My talents come from within myself, the training and use of my mind and concentration directly, while those such as Jarlaxle use items imbued with magic to obtain the effect they desire. Psionics is a rather rare gift among drow, but it appeared often in my family. He lifted his hands and raised the hood of his cloak to cover his head, though not far enough forward to completely hide his face.

Once again, even in his mind voice, which she was surprised to realize held as much inflection as his real voice, she thought she detected a hint of pride when he spoke of his family.

This voice is as much my "real voice" as the one that comes from my lips, if not more so. He broke into her thoughts with a touch of amusement, and she turned to glare at him.

"Will you—!"

He silenced her with a sudden hand movement. In Menzoberranzan, we will be watched. Perhaps not directly by spies, but any suspicious behavior will be observed, and we want to preserve Bregan D'aerthe's reputation. As drow, particularly female, it would seem odd to be asking questions. Therefore, we should communicate non-verbally. Voice your questions in your mind.

Her former angry retort died as she realized he wasn't going to stop, and she simply nodded, resigned. He returned her nod and gestured to the dark portal in front of them, offering her his hand. She paused for a moment, realizing that she had only his word to trust that he wasn't taking her to her death, but then again, he was going through with her, so it couldn't be that bad. She caught hold of his hand as she stepped next to him, unconsciously bracing herself.

Kimmuriel was not prepared for the shiver that passed through him when their skin met, and he instinctively closed his hand on hers, gripping firmly. Her skin was warm against his, and smooth except for a few calluses. Refusing to dwell on it at the moment while there was work to be done, he stepped forward and pulled her through the portal with him.


Nadina had no idea how the dimensional gate worked, but without any sensation at all they were very suddenly in a different place, flooded with violet light that did not adequately illuminate their surroundings. They stood on what appeared to be a walkway between two great, soaring houses full of sharp spires and harsh angles, with deep, dark shadows in every crevice that made them much more menacing than any building should ever appear. There was a brief noise behind them, and she looked over her shoulder in time to see the edges of the doorway come together in a line of light and then vanish. Kimmuriel didn't even spare a thought for the portal and started along the wide pathway, dragging her along in his wake as he still held her hand.

She had no time to think about that. As they followed the pathway along in a curve around the building, the city abruptly opened up before her, and her thoughts were very quickly distracted. Bregan D'aerthe's headquarters resided inside Menzoberran's boundaries, but on a separate, pocket plane. They appeared from Kimmuriels' portal in what inhabitants of the city knew as Duthcloim, home to the commoners: those drow not privileged enough to be born to one of the noble houses. The houses here were moderately sized and comfortable to live in.

Nadina had lived in Armadan which, being the capital city of her small country, was rather large. Or at least, she had thought so, but the drow city stretched out before her made that seem like a village in comparison, and the drow's architecture towered far higher into the air than any surface city she had seen, and seemed to be constructed entirely of towering spires and sharp points. It was full of both gracefully arching lines and cruel points, awe-inspiring and intimidating, all at once, ethereal and strangely organic. Perhaps if she had visited more of the cities on the surface she wouldn't have been so surprised. Kimmuriel read her thoughts while watching her face and was amused by her naivety, but he let her take her time. He could not have her gawking so openly while there were people around, so he had brought them here first, despite the longer walk. Best let her take in the sights and then focus on their mission. He stroked his thumb absently over the white lines around her finger of the hand he held while he waited for her to regain her composure. She was only human, after all, and he couldn't expect too much from her.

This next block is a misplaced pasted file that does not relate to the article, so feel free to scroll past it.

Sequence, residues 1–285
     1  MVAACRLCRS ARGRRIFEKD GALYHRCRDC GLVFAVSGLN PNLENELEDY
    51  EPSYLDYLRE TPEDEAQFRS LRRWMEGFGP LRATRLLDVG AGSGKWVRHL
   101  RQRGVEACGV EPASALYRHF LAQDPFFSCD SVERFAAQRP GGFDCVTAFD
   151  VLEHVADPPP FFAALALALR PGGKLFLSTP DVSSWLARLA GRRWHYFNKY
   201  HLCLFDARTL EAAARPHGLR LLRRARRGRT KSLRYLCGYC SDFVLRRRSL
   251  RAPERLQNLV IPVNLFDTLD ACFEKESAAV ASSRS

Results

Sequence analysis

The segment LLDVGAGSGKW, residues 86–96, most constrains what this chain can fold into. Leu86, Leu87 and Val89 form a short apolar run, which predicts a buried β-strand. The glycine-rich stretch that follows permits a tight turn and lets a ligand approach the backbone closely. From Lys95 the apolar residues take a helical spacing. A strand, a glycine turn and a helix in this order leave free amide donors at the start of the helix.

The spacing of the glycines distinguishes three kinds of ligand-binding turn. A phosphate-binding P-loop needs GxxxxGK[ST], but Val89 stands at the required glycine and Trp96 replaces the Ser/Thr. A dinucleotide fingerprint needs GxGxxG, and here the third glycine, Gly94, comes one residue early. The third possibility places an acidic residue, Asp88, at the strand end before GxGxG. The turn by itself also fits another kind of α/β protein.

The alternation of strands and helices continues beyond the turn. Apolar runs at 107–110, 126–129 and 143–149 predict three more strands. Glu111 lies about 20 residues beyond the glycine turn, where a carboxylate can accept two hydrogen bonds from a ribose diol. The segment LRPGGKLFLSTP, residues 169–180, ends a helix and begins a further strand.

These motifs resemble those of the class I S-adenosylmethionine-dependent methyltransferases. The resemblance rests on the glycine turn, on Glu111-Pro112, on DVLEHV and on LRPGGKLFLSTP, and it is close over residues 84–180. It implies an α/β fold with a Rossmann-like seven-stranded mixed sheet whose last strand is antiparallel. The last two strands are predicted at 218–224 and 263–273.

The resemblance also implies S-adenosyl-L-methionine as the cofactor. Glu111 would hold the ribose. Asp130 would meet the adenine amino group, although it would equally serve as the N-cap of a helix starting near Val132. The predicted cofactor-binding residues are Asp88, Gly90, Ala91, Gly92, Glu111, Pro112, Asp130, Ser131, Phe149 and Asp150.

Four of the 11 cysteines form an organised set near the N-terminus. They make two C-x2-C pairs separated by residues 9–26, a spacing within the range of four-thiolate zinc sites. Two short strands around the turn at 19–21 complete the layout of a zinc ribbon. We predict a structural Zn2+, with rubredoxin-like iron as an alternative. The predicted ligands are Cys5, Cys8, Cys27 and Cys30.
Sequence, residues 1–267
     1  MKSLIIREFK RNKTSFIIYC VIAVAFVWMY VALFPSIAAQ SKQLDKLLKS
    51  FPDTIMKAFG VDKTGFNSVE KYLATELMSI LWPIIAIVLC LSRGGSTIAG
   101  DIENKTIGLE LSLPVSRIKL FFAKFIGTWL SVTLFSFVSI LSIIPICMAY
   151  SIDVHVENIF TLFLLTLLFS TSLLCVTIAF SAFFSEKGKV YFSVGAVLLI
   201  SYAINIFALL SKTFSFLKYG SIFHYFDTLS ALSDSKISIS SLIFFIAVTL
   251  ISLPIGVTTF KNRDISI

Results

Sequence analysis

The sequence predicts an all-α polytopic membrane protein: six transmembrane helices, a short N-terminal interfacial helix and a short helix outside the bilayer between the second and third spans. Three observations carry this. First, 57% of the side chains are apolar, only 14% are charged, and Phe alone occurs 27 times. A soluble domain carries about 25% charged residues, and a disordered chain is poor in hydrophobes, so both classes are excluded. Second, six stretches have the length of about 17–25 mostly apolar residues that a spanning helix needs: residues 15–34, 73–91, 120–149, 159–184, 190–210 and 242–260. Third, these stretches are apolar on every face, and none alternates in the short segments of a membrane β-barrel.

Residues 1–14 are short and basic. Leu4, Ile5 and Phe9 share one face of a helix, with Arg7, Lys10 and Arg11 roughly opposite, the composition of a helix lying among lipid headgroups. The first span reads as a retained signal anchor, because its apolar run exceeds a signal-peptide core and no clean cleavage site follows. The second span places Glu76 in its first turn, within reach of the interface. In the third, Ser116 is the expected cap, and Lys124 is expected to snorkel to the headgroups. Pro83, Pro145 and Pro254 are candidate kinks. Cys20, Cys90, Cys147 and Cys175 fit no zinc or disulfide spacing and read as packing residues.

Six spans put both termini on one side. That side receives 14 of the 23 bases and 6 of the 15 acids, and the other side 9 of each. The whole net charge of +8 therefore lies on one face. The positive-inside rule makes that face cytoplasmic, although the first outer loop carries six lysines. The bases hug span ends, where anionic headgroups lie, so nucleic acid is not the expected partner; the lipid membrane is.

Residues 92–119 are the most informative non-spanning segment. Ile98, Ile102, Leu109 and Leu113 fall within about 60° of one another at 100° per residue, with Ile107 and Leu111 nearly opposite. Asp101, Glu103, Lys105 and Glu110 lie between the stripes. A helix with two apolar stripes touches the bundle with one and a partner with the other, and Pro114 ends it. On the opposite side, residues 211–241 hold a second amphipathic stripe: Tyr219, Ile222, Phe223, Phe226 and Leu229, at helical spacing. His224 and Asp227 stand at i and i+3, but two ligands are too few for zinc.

The first thing that shocked Nadina was the size of the city. The cavern before them was so large she could almost forget they were even underground, the ceiling disappearing into oblivion. And the city filled the cavern from wall to wall, although in some places the buildings were crowded together and in others they were lone monoliths. There was a sort of beauty to the towering spires and reaching arches, but they were also fearsome, not at all welcoming or relaxing like surface homes. Some appeared like giant, toothy creatures ready to pounce on and eat anyone unsuspecting. The drow city had overwhelming grandeur, but she decided then and there that she hated it, despite the intriguing design. But what surprised her more was the amount of light in the cavern. Everywhere she looked, the cavern was lit, but it was an ambient light, and she saw no source, adding to the mystery and eeriness. The buildings themselves were permeated with light. In the center of it all was a roughly carved column of rock: Narbondel, she guessed, since it dominated the scene, and everything seemed to revolve around it.